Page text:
Although I have not yet tried it, I believe you can even put a third boot loader on it. Syslinux is supposed to be able to load grub4dos. The latest syslinux supposedly can also boot in uefi mode. You should be able to put syslinux-efi on the ESP side by side with grub-efi, giving a total of four boot loaders.

Last edited by plasmonics; 12-04-2017 at 11:21 AM.
 
Old 12-05-2017, 04:57 AM   #4
displace
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Hello!

Quote:
Originally Posted by yancek View Post
You would install Grub2 initially to the usb stick, then copy the various iso files to the stick on the same or a different partition you previously created and then you would manually create a grub.cfg file with boot entries to boot the various Linux systems. There are numerous tutorials on booting an iso directly with Grub2 so you should not have any problem finding examples.
Yes, I had imagined it would be set up this way. Alrighty then, I'll go along with GRUB2 and dump the other options for now.

Quote:
Originally Posted by yancek View Post
I seriously doubt that you will be able to boot a windows iso directly nor would it be reasonable to expect to do so.
Oh, how so? I assumed that if a CD/DVD ISO image is bootable then it can be booted from GRUB2.

Quote:
Originally Posted by yancek View Post
My experience is that a Linux system will install EFI if it is set to boot EFI in the boot options or BIOS and will install Legacy if it is set to CSM/Legacy. I've used the same Linux iso file on a flash drive booted this way to install EFI and Legacy. When I look at boot options/BIOS on my machine with a bootable flash drive plugged in it shows up twice, one with EFI as an option and one with Legacy/CSM as an option with the brand name of the flash. Don't have any idea if this will work on all systems.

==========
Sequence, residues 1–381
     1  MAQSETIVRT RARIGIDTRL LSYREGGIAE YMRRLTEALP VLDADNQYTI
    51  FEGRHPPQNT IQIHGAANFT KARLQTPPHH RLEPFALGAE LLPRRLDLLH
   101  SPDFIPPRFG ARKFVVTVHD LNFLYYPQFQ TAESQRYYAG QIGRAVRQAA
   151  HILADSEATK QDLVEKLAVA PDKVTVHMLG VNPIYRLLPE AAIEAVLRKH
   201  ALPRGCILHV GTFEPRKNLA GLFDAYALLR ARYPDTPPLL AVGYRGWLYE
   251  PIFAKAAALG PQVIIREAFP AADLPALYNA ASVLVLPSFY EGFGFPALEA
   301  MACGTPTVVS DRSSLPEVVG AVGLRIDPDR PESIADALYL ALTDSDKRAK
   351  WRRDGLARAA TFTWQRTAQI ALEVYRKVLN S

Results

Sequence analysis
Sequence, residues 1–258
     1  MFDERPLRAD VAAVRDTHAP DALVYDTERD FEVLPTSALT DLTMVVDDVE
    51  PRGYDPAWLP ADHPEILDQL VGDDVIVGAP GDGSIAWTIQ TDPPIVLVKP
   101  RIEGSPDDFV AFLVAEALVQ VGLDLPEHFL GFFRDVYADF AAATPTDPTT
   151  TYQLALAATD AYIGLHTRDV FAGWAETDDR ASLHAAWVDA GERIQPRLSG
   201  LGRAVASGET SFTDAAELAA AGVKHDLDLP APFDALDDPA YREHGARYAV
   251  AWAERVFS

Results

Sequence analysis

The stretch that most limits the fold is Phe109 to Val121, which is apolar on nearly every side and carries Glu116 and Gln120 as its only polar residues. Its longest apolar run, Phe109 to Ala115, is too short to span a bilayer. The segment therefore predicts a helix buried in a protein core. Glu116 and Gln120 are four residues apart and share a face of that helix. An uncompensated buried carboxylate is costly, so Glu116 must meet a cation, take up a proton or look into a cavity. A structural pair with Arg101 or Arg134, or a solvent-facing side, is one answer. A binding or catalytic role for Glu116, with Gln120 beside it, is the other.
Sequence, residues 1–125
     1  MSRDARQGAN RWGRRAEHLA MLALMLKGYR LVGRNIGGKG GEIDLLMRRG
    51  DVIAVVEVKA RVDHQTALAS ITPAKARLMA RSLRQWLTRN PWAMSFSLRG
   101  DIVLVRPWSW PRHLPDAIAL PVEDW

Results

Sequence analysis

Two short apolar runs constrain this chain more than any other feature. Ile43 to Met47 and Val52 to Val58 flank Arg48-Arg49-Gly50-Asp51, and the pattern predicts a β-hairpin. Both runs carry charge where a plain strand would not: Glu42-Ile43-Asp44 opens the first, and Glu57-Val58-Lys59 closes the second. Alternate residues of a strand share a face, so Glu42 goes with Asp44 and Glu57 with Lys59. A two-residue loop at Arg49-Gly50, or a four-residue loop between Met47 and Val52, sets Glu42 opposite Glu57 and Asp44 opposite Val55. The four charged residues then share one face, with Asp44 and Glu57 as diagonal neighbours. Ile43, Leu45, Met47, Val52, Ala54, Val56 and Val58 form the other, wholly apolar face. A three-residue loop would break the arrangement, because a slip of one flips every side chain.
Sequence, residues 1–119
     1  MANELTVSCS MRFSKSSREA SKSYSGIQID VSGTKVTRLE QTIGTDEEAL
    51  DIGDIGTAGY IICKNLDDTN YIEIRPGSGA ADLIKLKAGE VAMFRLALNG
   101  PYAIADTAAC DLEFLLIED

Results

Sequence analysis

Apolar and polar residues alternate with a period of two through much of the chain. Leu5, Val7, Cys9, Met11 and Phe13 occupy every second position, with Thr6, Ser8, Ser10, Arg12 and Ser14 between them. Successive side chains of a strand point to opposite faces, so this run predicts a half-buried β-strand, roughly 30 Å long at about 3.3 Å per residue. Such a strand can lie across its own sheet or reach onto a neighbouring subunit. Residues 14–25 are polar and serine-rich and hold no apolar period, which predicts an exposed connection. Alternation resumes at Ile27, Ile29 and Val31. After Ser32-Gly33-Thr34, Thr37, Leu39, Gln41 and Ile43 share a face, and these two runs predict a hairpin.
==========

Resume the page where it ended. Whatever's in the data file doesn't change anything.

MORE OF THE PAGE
Wait, what exact logic detects and decides which mode an OS will boot into - where is this logic located? Is it in the UEFI firmware, is it the bootloader or the kernel itself? Are there separate kernels for legacy and uefi?


Quote:
Originally Posted by plasmonics View Post
You can partition the usb with a GPT label. Then create two 100 MiB partitions, one of type code EF00 and the other of type code EF02. The first one is the ESP and the second one is the bios compatibility layer. You then have the option of installing grub-efi on the ESP and either grub-i386 or syslinux on the ef02 partition.